What is a Clearing House?
A clearing house acts as a mediator between any two entities or parties that are engaged in a financial transaction. Its main role is to ensure that the transaction goes smoothly, with the buyer receiving the tradable goods he intends to acquire and the seller receiving the right amount paid for the tradable goods he is selling.
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Example of a Clearing House
Anyone who engages in any kind of transaction, no matter how small it is, will definitely want to be protected, whichever side he is on in the transaction. The clearing house stands in the middle and takes both sides to make sure that both parties are satisfied.
A case in point is an investor who wishes to sell 500 shares of his investments in Emirates Airlines to another businessman. It is the clearing house’s job to make sure that the investor gets paid the amount equal to his 500 shares and that the businessman, on the other hand, indeed gets the 500 shares in the Emirates Airlines that he paid for. With a clearing house, both parties can rest assured that both of them will do their part and a successful transaction will take place.
The diagram above shows a simplified flow of transaction involving two parties, the seller and the buyer, and in the middle of them is the clearing house firm. The clearing house is not only involved in regular transactions of tradable goods but also of those that involve futures contracts (those that are entered into by two parties wherein the buyer is obliged to buy an asset and the seller to sell an asset for an agreed fixed price at an agreed future date). It is due to the fact that futures contracts take time to be fulfilled, and thus needs a third party to ensure that the contract does not break before it matures.
Looking back at the diagram, the seller gives the goods to the clearing house who then gives it to the futures buyer. In turn, the futures buyer hands the payment to the clearing house who will then give it to the seller. In such an arrangement, both parties are protected and assured that they will both receive what is due to them.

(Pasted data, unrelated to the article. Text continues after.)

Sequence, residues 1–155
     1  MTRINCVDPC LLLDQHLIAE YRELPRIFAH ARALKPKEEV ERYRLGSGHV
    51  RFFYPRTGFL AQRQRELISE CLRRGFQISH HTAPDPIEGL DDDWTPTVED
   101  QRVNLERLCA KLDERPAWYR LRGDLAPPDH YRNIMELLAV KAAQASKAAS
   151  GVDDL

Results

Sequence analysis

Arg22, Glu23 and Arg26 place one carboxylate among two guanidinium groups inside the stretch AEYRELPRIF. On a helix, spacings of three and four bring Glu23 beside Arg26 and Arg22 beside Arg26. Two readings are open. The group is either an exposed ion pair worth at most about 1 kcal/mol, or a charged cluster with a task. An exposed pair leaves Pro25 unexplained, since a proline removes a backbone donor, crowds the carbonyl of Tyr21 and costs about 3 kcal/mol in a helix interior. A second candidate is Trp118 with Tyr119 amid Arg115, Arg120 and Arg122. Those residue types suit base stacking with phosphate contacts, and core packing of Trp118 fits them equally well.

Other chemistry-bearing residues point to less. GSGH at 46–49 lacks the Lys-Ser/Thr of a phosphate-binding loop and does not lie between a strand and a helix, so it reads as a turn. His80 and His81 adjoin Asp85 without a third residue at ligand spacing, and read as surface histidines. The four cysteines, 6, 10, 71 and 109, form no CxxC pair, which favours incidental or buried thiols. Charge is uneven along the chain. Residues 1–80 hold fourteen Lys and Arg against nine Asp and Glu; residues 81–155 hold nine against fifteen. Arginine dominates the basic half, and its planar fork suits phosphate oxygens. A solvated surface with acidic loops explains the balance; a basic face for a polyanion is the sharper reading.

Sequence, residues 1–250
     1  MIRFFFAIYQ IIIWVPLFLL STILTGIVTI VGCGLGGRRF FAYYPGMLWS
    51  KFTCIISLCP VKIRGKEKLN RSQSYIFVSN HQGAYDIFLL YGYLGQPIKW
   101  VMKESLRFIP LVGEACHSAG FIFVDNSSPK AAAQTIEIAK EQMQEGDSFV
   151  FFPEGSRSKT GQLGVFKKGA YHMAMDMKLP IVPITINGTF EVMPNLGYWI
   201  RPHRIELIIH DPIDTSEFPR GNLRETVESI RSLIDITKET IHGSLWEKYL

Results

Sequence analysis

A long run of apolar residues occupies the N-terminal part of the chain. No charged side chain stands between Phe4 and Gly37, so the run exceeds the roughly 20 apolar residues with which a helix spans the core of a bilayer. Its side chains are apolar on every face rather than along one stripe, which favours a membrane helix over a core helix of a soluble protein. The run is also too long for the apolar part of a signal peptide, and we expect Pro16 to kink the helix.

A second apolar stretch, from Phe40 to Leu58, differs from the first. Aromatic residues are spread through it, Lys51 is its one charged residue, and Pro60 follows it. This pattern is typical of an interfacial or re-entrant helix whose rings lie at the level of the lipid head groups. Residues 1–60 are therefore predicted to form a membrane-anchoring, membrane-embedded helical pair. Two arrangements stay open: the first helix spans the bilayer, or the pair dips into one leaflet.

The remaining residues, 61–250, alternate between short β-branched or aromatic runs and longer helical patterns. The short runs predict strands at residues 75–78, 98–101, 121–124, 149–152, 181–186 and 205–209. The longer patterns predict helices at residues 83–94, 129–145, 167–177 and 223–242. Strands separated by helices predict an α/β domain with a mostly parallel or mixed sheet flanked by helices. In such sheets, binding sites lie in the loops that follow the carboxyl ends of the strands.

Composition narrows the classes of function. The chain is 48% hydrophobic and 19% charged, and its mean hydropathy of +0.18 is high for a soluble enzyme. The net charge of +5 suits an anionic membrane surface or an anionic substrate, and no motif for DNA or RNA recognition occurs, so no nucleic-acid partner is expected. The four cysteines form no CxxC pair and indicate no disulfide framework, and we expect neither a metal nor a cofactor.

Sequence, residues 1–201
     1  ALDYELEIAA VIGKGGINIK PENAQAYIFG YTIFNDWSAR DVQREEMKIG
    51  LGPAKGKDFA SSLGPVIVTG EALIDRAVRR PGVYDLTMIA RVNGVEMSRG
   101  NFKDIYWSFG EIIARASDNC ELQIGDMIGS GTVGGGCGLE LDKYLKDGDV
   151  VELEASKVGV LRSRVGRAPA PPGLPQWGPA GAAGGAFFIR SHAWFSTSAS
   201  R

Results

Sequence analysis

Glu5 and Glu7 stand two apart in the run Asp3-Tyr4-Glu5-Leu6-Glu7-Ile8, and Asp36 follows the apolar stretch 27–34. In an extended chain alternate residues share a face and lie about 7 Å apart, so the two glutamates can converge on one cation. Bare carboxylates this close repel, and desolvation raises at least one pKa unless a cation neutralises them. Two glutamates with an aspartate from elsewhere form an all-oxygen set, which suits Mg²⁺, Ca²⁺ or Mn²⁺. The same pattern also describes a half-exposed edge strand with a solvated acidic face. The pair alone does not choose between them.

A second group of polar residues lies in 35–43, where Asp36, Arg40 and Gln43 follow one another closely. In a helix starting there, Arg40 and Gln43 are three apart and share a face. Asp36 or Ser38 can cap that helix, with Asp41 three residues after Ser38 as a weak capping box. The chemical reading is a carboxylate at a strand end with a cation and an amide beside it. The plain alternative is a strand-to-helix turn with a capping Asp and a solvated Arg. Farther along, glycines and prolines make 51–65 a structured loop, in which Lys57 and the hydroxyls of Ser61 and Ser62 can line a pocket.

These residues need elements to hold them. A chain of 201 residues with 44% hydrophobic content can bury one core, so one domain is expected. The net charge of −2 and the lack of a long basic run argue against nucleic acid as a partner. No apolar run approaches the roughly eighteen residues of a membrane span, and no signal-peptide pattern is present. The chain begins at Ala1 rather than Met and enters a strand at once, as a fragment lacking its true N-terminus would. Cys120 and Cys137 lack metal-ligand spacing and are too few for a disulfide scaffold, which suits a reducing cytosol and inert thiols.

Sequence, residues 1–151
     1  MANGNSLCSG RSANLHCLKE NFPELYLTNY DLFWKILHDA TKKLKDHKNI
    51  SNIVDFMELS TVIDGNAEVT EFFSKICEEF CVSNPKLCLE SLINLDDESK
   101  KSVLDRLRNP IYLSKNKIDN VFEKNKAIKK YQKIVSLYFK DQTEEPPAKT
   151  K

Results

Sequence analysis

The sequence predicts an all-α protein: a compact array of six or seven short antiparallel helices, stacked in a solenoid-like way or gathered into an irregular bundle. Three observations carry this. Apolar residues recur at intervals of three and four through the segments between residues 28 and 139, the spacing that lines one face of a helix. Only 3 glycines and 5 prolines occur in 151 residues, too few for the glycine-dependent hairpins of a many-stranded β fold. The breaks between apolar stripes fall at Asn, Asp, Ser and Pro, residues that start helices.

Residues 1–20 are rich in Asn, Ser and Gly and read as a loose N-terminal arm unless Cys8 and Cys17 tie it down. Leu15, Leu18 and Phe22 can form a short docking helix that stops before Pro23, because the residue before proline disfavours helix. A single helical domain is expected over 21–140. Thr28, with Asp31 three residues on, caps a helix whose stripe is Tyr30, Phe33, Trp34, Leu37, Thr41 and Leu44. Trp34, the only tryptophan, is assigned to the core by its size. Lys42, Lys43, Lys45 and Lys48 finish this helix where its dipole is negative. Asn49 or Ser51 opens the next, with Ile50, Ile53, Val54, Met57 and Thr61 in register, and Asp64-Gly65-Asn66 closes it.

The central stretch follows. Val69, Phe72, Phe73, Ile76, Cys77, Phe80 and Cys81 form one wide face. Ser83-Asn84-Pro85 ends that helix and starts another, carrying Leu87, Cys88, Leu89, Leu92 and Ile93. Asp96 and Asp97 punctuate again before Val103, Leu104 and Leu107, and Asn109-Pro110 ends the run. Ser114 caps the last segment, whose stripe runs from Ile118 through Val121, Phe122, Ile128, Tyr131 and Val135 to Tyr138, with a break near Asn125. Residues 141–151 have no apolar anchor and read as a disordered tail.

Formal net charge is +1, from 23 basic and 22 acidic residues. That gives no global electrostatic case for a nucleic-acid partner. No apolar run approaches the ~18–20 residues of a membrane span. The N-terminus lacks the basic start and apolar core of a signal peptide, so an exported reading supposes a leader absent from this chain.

Functions of a Clearing House
As mentioned, a clearing house is basically the mediator between two transacting parties. However, there is also more to what clearing houses do. Let’s take a look at some of them.
- The clearing house guarantees that the transactions will occur smoothly and that both parties will receive what is due to them. It is done by checking the financial capabilities of both parties to enter into a legal transaction, regardless if they are an individual or an organization.
- It makes sure that the parties involved respect the system and follow the procedures that will eventually result in a successful transaction. It, in turn, boosts the confidence of traders and investors in entering into various transactions in the market, leading to a more liquid market.
- It is the clearing house firm that provides a level playing field for both parties where they can agree on the terms of their negotiation. It includes setting the price, quality, quantity, and maturity of the contract.
- The clearing house makes sure that the right goods are delivered to the buyer not only in terms of quantity but also of quality so that at the end of the transactions, there will be no complaints and arbitration necessary.
Initial Margin and Maintenance Margin
To protect traders, every transaction requires margins, which include the initial margin and the maintenance margin. For example, when two individuals engage in a futures contract of prawns worth $1,000, the initial margin is also $1,000, which is given by the buyer and kept by the clearing house under the buyer’s account at the time the transaction commences.
The maintenance margin is also calculated and for the purpose of making an example, let us say that the amount is $800. If before the contract’s maturity the prices of prawns drop by $200, then the buyer will need to put in this same amount to meet the initial margin again. If, however, the value of the account drops to lower than the maintenance margin of $800, then a margin call is made.
For example, if the account’s value declines to $500, then, the buyer will need to post another $500 to bring back the initial margin in the account.
Importance of Clearing Houses
The most common fear of traders about the market is getting involved in transactions that don’t end well, with one of the parties not fulfilling their end of the agreement. It may be because of various reasons but the most widespread factor is financial turmoil. Clearing houses, as mentioned earlier, perform a background check of both traders’ financial strengths to ensure that both of them will adhere to their end of the bargain.
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